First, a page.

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Monday, 22 April 2013

Goldilocks planets abound, but what about that ride?

This is a painting by an artist of Kepler-62e, a goldilocks planet NASA has located 1200 light-years distant from us. I love these stories of earth-like spheres the boffins behind the consoles punch out from time to time in the global media. There's even a video. And it's timely in Australia to talk about light years because we're debating a fiber-optic broadband system the current government is building; the Opposition says it's too expensive and proposes a slower alternative. But imagine if we digitised a space crew. It would still take over a thousand years for the data packets to reach Kepler-62e. Busy as we remain linked tightly to the pressing matters that course through our democracies like filaments of light, we glance briefly at these numbers and shrug.

But there are dreamers out there. Two big stories of outer space - the Alien franchise that began in 1979 and 2009's Avatar - let us dream of an uncalculable wealth of mineral resources. In the film Alien, the bulk carrier Nostromo is cruising back to earth from a mine located in the far reaches of some galaxy when people start to die on the ship. It's so easy to imagine. People have been scouring the earth of our rocky planet for millennia in search of the riches buried within it. But how to get there?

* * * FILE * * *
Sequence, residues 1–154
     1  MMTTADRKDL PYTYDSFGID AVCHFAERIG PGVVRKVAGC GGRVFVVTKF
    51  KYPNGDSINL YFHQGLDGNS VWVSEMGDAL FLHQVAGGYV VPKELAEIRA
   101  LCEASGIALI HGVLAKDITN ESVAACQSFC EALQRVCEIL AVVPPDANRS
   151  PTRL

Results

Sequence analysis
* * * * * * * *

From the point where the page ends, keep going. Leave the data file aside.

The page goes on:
Is there some rule of physics that can be used to shorten the time it takes to travel to such a distant place? Instead of spending 1200 years as a series of bits and bytes, can we somehow bend space so that it takes, say, only 100 years living within the confines of some outlandish craft to reach Kepler-62e? But even then you can imagine the cultural shift that would occur, once the crew arrived at its destination, set up camp, and began to forge a new life on Pandora. Leaving aside the possible existence there of other, sophisticated lifeforms such as ourselves, it would take hundreds of years before the venturers returned to this planet; what would they find?

What might have happened to Earth? To the idea of the nation state? To democratic rule? Even literary fiction writers such as Michel Houellebecq tangle with the options that arise in the imagination, the mind struggling with the limitations of time, and creating a vision designed to negate time. Meanwhile, news stories of goldilocks planets plummet through the miasma of messages, of information, inside the rapidly-expanding public sphere, and potentially find a resting place within the mind of a person who is yet to reach full potential. Some future day he or she verges on the cusp of a technological breakthrough. The fiction precedes the fact just as it feeds off it.

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